Despite being informed of problems last fall, Hydro continues to mistakenly assume that they have priority over other users of the 900 MHz band. Industry Canada sanctions no such protection, and warned that spending $4.6 million on an unlicensed and unprotected system was “dangerous” since there is nothing to stop licensed users from rendering Hydro’s unlicensed system inoperative. The huge price tag doesn’t raise Hydro’s priority as a user.
Hydro also stated that, “People with cordless phones or similar devices can change the channel.”
But the smart meter system actually monopolizes the entire 902-928 MHz band, meaning there’s not one single channel available which is free from interference. Residents can’t change the channel because there aren’t any that aren’t affected. Industry Canada has expressed concern that one user is using the entire band in a way that excludes the possibility of sharing with other legitimate users.
The Radio Advisory Board of Canada, which recommends rule changes to Industry Canada, has already started examining this issue at its meetings.
Of all the options available for smart meter data, the Ontario Energy Board rated 900 MHz systems as rather weak, since better options were available, including a licensed and protected allocation at 1.43 GHz. This frequency is effective across North America, and offers exclusive and protected use by the smart meters. Industry Canada is already expressing concerns about the use of 900 MHz for smart meter systems. Despite being allowed under today’s rules (subject to the “cause no interference” clause), Industry Canada is “examining how to deal with a single user who muscles in on a band and pushes everyone else off, and how they are going to deal with the pressure on other unlicensed bands that will follow if all the present unlicensed users move away from 900 MHz,” according to RABC member Richard Ferth.
It’s hard to fault Hydro directly, since they likely relied on the recommendations of an outside consultant while choosing the system.
Hydro ought to have followed Ontario Energy Board guidelines and explored other options.
In any event, hydro is continuing to install a flawed smart meter system with a short life-expectancy which is guaranteed to cost far more in the long run than is being saved today.
Last edited by mrsmagoo2001; Sep 21st, 2007 at 11:06 PM.
Sep 22nd, 2007 11:11 AM #4
It was probably caused by enersource but not in the way you may think.
I do alarms all the time and the cause I think that made the low battery signals start showing up was for a couple of reasons.
1. When they installed the new smart meter Im sure they had to disconnect the power for a little while to change meters. When they did so the alarm automatically switches over to battery standby since there is a loss of AC power (16.5-18VAC) from transformer.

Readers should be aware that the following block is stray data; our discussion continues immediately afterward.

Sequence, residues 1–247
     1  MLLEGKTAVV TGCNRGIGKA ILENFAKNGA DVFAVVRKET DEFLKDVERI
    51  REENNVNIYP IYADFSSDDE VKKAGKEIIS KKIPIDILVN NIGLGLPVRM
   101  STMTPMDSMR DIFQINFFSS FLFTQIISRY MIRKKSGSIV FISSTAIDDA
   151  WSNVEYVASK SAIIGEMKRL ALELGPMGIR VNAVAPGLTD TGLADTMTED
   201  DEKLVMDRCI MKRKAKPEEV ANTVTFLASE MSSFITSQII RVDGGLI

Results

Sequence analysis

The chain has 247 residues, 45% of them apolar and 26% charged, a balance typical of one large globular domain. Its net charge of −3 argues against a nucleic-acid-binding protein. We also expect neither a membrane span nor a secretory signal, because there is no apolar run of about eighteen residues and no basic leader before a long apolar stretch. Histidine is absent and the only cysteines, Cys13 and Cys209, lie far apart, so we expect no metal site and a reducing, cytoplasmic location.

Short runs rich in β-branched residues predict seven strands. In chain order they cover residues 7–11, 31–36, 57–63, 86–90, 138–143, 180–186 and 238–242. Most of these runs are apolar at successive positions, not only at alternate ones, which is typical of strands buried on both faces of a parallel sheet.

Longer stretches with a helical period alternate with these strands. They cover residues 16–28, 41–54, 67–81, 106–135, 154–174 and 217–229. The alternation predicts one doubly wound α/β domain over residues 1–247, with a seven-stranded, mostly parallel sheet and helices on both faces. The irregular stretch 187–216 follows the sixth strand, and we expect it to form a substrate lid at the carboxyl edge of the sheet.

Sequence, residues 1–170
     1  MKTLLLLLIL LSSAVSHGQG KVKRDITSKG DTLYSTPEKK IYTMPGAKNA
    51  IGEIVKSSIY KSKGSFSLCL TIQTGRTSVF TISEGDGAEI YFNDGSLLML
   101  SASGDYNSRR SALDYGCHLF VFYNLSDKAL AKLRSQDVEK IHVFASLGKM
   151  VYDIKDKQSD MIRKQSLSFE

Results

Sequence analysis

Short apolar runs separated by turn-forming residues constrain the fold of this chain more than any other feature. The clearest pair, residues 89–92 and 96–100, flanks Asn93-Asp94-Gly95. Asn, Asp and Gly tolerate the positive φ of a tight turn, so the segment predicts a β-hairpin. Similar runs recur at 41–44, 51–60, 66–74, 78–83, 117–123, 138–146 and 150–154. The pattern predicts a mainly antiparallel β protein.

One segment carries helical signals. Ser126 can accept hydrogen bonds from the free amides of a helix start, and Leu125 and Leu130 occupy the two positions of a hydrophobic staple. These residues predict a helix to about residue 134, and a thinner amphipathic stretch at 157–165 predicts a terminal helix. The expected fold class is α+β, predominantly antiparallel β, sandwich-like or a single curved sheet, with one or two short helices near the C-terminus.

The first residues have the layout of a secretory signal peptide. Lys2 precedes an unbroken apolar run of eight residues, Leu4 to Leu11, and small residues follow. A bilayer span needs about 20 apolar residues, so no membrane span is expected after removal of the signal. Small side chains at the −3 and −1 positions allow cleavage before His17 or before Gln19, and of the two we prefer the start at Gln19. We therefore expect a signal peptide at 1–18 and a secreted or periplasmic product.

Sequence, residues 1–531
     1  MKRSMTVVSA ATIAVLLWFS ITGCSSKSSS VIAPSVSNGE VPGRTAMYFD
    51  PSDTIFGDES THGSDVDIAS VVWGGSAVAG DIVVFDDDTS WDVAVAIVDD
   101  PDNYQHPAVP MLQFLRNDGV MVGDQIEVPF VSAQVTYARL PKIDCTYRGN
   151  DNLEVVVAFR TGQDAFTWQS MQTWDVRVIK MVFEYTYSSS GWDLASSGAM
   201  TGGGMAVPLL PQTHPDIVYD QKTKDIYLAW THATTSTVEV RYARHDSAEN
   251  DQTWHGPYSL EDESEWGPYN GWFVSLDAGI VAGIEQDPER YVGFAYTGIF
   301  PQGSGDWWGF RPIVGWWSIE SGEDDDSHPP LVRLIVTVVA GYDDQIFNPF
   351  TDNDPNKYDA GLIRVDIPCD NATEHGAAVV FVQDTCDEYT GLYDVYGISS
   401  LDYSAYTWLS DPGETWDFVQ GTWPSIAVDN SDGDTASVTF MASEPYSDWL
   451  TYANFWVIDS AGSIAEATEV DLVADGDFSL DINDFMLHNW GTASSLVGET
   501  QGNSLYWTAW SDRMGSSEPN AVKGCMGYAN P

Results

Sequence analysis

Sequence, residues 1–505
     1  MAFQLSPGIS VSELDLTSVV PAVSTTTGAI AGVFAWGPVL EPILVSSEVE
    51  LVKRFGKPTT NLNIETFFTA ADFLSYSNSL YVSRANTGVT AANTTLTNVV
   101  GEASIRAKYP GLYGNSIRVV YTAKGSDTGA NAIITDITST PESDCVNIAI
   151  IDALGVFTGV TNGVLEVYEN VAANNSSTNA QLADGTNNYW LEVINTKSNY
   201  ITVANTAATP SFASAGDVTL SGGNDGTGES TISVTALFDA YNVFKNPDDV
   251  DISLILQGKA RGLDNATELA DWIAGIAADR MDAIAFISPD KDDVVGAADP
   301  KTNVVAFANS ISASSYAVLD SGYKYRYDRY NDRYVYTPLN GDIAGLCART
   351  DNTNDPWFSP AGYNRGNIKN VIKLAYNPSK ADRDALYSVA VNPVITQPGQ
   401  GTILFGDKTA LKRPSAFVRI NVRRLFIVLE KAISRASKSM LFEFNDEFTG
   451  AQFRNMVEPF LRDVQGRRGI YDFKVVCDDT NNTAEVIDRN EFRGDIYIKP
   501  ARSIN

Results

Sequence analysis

2. Since the system is 7 years old it sounds like the battery is in need of replacing anyways. Most alarm batteries should be replaced every 4-5 years or so with little to no use (no frequent power outages etc) and since it switched over to battery standby the ailing battery probably had very little capacity left, so after the smart meter was installed and the panel started to run on AC again and began charging the battery, the battery just gave up the ghost and stopped holding a decent charge anymore.
The batteries are cheap like $12 or so for a 4a-5a sealed gel cell alarm battery. Most companies will replace it for free if your still in the contract with them.
I doubt they messed with your AC connection to the alarm itself as you would be receiving a AC cut or AC fail message as well as low battery and you would see the corresponding trouble on the keypad for it.
Sep 26th, 2007 04:13 PM #5
One odd thing, btw -- it seems like whenever the battery signal goes off on the alarm panel, my router loses its Internet connection as well. Is that normal when an alarm signal is sent to the monitoring center? I have only one phone line in my home, and I use that for my DSL connection to the net.
Sep 26th, 2007 04:39 PM #6
open panel door
take off leads from existing battery
replace with new one making note of polarity
wait a few minutes for panel to recognize battery level is ok
As for the DSL cutting out when the panel dials, it is normal but can be worked around. Since the panel cuts all the phones to the house when it dials out (for 1st priority) it cuts the line going to your modem too.
A workaround is to run a dedicated line before the alarm panel to just the DSL modem, and make sure no phone lines are plugged in on that circuit as well.
Sep 26th, 2007 05:29 PM #7
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Sep 26th, 2007 05:40 PM #8
Thanks, loudsubz. The DSL cutting out is not a problem... I was just thinking maybe it was related to the cause. But I guess not.
I took a look at the panel and the replacement seems very straight forward. I have an Ultra Tech UT-1240 battery in there. So where can I buy a replacement for it?
Sep 26th, 2007 06:04 PM #9
As for the batteries, they are the same as USP batteries, so if you can find a computer store that sells UPS batteries your good to go.
Sep 26th, 2007 06:19 PM #10
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- Mar 22nd, 2006
Find your local Sayal. They stock all sizes of SLA batteries.
Sep 26th, 2007 07:47 PM #11
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- Jul 14th, 2006
When I was looking for a replacement for Alarm Battery, I found it at theSource though it was not available at 2 of the 3 locations I checked. If I remember correctly, paid close to $35-40.
Sep 27th, 2007 11:00 AM #12
The old battery is 12V, 4AH... A different 12V battery with a higher capacity (4.5 AH or 5 AH) should work fine, right?
Sep 27th, 2007 11:54 AM #13
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- Apr 9th, 2007
could this smart meter interference be affecting my wireless router? i haven't had problems in months and in the last 2-3 weeks, my computers consistently lose the wireless connection with the Linksys wrt54G....
Sep 27th, 2007 12:14 PM #14
Okely dokely... Battery has been replaced. I got a 12V 5AH battery from Sayal for $22.50, and it was a cinch to replace. Thanks to everyone (especially loudsubz and BuildingHomes) for the help!
Oct 26th, 2007 11:15 PM #15
- Join Date
- Oct 26th, 2007
Getting the Data
Ok, so how do we view the bloomin' data from our new SmartMeters? I'm with Enersource Mississauga. Not sure where else to post this.